Medlar Field: A Groundskeeper’s Perspective
STATE COLLEGE, Pennsylvania - On a typical summer day in Pennsylvania, the sun is shining, the humidity is low and the weather is absolutely perfect for a minor-league baseball game in the friendly confines of Medlar Field at Lubrano Park.
While summer brings temperatures above 70 degrees, the winter and early spring can be quite unpredictable, presenting nearly unplayable conditions when Penn State Baseball is in season.
Enter the Sports Turf Manager for Medlar Field, Matt Neri.
According to Neri, a bad weather week includes below freezing temperatures and precipitation. Per the NCAA baseball rulebook, if the "real-feel" temperature drops below 28 degrees, a baseball game cannot be played until the temperature warms up. Also, if a playing surface is too saturated with water to play, the game will result in a postponement or delay.
Since 2006, it has been Neri’s job to ensure that the home of the Penn State baseball team is in premier playing condition regardless of what mother nature chooses to do. As a three-time winner of the New York-Penn League’s Groundskeeper of the Year award, Neri certainly possess the hardware to manage a field so abstract.
“It’s rough man,” Neri said. “It’s definitely hard. April brings a variety of adverse conditions with only occasional sunshine.”
Neri explained that he spends nearly every day at the ballpark from around nine in the morning until a game finishes around ten at night but during the small amount of time the groundskeeper spends away from the ballpark, he loves going fishing with his two children Liliana and Anthony as well as spending time with his wife Christy and their black lab, Duke.
However, in order to have the field ready for Penn State’s season, Neri has to prepare the field beforehand. He does most of his preparation in the fall, just after the Nittany Lions complete fall practice. This includes aeration, spraying fungicides to prevent snow from saturating the field and any finishing touches needed to ensure that the grass is prepared to withstand a harsh Pennsylvania winter.
A native of Williamsburg, Pennsylvania, Neri is no stranger to the area. He started his career in 2002 with the Altoona Curve, only about 40 miles from State College.
“The major difference between Altoona and State College is that State College has Penn State Main,” Neri said. He also explained that he receives assistance from Penn State students in their world-renowned turfgrass science major.
Students are able to take paid-internships with Medlar Field and learn from the sports turf manager by assisting in managing the ballpark. This includes preparing the field before a game through watering, mowing, raking and shaping the infield among many other tasks relative to the field.
“Being here on campus, it’s been a real godsend,” said Neri.
Cameron Walls has worked under Neri at Medlar Field since his sophomore year. Walls says that he came to Penn State unsure of what he wanted to do, but after attending a few Penn State Baseball games, he became infatuated with the art of groundskeeping.
“I’ve played baseball my whole life,” said Walls, now a senior at Penn State majoring in turfgrass science. “I just thought it would be really cool to be around sports, having fun for the rest of my life.”
Not only has Walls risen to being Neri’s right-hand-man, but he has also landed himself a job in New York post-graduation as a turfgrass manager for a prestigious country club.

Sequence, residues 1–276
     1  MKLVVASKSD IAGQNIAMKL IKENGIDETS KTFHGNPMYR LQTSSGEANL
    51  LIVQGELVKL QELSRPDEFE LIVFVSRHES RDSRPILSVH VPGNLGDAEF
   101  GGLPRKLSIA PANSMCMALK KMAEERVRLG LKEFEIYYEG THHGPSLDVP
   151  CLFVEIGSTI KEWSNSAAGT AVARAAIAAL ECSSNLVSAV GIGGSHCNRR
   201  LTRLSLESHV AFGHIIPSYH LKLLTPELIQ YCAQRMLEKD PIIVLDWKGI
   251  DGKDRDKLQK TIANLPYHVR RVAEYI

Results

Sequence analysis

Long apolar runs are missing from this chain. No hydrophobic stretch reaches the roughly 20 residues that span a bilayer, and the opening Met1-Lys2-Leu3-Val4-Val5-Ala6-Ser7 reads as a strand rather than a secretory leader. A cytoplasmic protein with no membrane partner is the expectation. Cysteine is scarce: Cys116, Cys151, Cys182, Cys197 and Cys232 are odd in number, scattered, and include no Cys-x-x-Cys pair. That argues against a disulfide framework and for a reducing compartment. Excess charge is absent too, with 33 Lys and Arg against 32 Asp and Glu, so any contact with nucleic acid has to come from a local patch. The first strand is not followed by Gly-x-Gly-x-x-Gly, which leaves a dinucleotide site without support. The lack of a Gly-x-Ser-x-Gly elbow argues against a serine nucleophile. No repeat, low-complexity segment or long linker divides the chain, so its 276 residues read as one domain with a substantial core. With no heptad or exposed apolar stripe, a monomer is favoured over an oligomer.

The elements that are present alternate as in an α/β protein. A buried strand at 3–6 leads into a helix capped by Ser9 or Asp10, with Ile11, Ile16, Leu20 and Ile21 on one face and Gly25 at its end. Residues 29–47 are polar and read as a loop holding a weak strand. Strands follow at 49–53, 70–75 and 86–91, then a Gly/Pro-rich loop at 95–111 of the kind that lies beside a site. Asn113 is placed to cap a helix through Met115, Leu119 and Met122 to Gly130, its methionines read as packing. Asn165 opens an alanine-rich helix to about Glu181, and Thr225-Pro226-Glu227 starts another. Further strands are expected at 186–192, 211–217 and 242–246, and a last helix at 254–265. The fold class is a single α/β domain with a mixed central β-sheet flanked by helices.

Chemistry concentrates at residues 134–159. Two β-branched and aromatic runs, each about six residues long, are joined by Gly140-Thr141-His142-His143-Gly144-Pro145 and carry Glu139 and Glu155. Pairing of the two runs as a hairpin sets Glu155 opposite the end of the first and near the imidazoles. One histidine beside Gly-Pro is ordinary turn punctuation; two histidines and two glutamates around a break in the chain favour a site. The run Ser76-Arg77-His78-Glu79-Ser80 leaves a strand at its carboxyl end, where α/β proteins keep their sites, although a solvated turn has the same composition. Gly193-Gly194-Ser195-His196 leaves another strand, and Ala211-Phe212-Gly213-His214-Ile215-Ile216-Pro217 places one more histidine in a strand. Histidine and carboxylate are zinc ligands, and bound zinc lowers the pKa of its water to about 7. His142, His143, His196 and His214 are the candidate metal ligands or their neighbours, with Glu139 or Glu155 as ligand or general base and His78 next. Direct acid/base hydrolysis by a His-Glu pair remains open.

“Without Matt and Medlar Field, I wouldn’t have been prepared to do this job,” said Walls
While Neri expects Walls will be dearly missed, he is confident that Penn State will continue to produce top talent in the turfgrass department that will asisst him in maintaining and improving the ballpark.
VIDEO: Matt Neri on preparing the field on gameday
Doors open just about an hour before Penn State Baseball games at Medlar Field at Lubrano park, however; the preparation before first pitch begins much earlier than that.
On a typical gameday, the Medlar Field sports turf manager, Matt Neri arrives at the ballpark before everyone else, as it takes a full day to prepare the field for the game.
As far as in-game goes, Neri explained that he does not have much to do other than dragging the field between innings when need-be. He also said that he is consistently on his tablet monitoring the weather to ensure that he is prepared for any inclement circumstances that may arise. Typically this includes rainstorms and in the months of March and April, potential snow storms.
If a rainstorm does come into town, Neri said that he receives help from not only his grounds crew team, but also the Penn State Baseball players and coaching staff in ensuring that the field is properly protected. To protect the field, Neri and the guys pull the tarp from the first base line out into the outfield, eventually folding it over the infield as well as shallow outfield grass.
Even when poor weather is not in the forecast, Neri said that he continues to monitor the weather patterns but has a lot more free time to spend with his crew shooting basketballs in their clubhouse in addition to watching the team play ball.
About the Contributors
Senior / Broadcast Journalism
Mayer currently serves as the music coordinator for Penn State Hockey, Football, Basketball, Field Hockey and Baseball, while also hosting a nightly radio show called the Keystone Sports Beat with Penn State play-by-play announcer, Brian Tripp. In the field of radio, Mayer served as a morning show intern for B94.5, eventually moving up to the role of night-show host in addition to hosting the Eagle 98.7 (currently 98.7 THE FREQ) Morning Drive. In the summer of 2015, Mayer worked as a production intern for the New York Mets and the ESPY awards respectively. Upon graduation, Mayer plans to serve as a music coordinator for the Mets at Citi Field.